Ann Korologos Gallery presents Figures of the West, a brief exhibition showcasing large-scale portraits of western icons by artists Tomás Lasansky and Ben Timpson. On view at Ann Korologos Gallery in Basalt November 7 to November 21, 2018.
“When you see these icons—Albert Einstein, Sitting Bull, Abraham Lincoln, cowboys and Native American women—on such a large scale, the impact is tremendous. These historic–and sometimes forgotten–figures are brought into the modern perspective, and the result is quite powerful,” shares Ann Korologos.
Tomás Lasansky was born in Iowa City, IA. The artist plays in two dimensions – painting, drawing, printmaking – but his portrait work jumps off the page. He juxtaposes a wildly creative style with very careful method. “Our greatest leaders, artists, and thinkers,” according to Lasansky, “are portrayed in larger-than-life portraits that invoke the complexity behind the lore, often with symbolic and bold backgrounds such as the American flag.” His subjects include the likes of Abraham Lincoln, Albert Einstein, Buffalo Bill, Walt Whitman, Sitting Bull, Geronimo, and more. According to his son, Rory, who wrote an essay featured in the book Tomás Lasansky, Icons and Muses, which is available at the gallery, “when Tomás works in his studio, expect blinds drawn, doors locked — an artist sealed off from the world working all night with drypoint needles, burins, pencils, paintbrushes, and more– until he finally collapses asleep, splattered in paint, with multiple works complete.”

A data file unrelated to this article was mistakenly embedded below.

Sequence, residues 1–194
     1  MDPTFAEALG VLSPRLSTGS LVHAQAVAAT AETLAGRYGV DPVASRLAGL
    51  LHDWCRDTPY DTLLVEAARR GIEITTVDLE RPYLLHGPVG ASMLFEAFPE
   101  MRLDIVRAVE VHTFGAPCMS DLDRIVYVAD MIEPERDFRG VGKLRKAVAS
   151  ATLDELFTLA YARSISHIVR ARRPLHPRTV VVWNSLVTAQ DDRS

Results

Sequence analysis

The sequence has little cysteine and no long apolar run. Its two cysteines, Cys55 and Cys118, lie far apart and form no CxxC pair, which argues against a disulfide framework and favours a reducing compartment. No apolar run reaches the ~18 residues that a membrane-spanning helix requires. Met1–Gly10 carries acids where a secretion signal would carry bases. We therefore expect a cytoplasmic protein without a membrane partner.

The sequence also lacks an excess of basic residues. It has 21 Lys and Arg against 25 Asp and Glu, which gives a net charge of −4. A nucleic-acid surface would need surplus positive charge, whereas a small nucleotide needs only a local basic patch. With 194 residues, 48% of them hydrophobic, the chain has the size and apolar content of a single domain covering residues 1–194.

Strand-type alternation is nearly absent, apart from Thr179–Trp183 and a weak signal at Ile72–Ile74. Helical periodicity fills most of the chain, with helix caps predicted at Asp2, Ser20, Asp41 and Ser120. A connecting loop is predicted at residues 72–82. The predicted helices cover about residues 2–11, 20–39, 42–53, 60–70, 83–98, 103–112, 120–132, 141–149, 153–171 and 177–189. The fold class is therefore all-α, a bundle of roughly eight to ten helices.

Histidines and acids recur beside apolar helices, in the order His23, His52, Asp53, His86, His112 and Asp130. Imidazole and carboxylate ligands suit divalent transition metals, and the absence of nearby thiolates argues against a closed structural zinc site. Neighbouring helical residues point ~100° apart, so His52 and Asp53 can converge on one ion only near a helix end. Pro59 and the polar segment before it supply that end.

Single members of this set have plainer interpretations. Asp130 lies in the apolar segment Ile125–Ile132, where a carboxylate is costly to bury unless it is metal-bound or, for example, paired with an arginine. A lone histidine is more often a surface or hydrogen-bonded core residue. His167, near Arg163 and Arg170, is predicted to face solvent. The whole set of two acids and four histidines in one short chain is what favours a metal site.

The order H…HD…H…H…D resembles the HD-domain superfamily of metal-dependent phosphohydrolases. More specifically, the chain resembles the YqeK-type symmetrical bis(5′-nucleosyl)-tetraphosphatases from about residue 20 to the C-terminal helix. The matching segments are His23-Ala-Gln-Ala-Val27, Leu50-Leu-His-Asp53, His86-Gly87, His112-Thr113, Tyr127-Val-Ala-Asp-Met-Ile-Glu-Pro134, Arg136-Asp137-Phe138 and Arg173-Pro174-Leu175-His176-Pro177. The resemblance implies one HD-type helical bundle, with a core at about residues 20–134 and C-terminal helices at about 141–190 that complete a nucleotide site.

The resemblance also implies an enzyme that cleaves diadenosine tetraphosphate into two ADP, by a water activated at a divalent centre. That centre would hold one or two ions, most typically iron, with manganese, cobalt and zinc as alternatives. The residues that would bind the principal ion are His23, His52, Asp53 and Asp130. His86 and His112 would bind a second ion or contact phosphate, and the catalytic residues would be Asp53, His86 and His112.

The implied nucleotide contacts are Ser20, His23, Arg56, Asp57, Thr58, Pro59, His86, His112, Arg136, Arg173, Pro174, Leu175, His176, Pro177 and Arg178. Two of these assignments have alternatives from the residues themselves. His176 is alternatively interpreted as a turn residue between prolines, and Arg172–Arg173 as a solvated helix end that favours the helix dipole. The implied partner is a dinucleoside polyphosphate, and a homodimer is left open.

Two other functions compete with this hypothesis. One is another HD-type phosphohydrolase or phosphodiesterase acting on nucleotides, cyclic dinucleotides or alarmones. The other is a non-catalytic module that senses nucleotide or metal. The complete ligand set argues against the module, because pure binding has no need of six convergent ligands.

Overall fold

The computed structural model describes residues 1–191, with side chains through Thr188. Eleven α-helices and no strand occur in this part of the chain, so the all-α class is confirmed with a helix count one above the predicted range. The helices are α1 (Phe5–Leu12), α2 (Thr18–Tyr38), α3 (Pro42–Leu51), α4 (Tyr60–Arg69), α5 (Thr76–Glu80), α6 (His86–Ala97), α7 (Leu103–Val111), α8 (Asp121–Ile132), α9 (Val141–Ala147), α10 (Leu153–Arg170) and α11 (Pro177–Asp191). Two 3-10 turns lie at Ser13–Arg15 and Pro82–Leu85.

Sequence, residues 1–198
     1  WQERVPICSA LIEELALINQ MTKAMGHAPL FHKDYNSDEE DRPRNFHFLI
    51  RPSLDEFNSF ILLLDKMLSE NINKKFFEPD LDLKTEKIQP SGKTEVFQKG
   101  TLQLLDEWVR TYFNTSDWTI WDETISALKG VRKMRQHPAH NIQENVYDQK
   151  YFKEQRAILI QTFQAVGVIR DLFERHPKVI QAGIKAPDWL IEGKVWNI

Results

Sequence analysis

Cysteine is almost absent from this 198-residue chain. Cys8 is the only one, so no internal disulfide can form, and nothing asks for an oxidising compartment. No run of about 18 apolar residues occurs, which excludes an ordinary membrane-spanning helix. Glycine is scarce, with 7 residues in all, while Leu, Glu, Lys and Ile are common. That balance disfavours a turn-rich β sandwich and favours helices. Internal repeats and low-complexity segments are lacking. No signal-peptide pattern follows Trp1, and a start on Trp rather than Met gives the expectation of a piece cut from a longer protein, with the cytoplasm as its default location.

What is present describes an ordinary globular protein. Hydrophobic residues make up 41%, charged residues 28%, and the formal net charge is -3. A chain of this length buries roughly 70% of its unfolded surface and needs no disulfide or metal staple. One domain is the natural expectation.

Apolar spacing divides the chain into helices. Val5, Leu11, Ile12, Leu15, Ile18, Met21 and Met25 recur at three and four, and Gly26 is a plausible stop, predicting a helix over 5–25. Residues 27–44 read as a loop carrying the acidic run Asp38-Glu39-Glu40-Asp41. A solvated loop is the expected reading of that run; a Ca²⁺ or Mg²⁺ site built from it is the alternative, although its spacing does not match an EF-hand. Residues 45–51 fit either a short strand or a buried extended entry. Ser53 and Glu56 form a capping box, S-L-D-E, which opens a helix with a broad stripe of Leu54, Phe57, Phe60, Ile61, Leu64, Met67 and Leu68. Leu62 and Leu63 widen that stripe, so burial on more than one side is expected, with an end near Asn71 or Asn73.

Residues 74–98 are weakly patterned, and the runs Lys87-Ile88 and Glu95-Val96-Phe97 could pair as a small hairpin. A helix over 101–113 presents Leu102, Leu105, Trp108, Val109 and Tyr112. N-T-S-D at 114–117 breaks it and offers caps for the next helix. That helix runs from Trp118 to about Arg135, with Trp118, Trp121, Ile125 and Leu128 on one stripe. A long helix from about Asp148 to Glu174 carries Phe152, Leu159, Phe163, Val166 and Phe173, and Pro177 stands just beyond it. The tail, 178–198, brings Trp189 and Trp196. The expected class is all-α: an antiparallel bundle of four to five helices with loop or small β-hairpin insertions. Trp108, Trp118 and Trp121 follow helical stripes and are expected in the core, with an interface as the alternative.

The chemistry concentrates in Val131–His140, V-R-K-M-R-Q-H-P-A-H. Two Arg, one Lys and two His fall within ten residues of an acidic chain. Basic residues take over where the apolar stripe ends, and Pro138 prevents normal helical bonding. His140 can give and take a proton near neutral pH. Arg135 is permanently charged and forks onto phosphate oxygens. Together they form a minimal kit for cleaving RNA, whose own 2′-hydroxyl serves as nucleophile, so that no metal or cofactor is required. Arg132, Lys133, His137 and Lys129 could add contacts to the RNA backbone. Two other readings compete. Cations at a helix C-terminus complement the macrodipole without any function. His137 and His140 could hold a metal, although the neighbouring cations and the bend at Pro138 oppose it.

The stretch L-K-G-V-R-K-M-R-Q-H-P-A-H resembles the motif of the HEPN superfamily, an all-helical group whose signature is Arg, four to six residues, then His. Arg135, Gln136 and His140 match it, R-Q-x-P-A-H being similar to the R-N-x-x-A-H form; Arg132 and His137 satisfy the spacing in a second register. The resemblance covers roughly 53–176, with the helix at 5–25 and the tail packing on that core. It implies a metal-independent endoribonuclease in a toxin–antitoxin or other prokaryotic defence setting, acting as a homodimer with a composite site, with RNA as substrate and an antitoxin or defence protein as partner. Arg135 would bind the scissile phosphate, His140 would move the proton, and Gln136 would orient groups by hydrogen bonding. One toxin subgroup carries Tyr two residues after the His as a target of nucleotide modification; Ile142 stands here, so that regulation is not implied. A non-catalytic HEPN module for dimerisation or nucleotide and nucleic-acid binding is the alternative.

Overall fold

Ben Timpson was born in Salt Lake City, Utah, and has lived in Idaho, Wyoming, Michigan, Nevada, Missouri, South Carolina, Indiana, and Colorado. He is currently the photography and new-media studio coordinator for Anderson Ranch Arts Center. Timpson sees the world through a unique lens, and his artwork combines found objects, collage, and photography to create large-scale abstract portraits of both famous and anonymous figures. His compassion towards the ongoing plights of Native American women, such as the story of Caroline Felicity Antone, a Native American and a rape survivor, inspire detailed portraits made entirely of butterfly wings, enlarged through photography.
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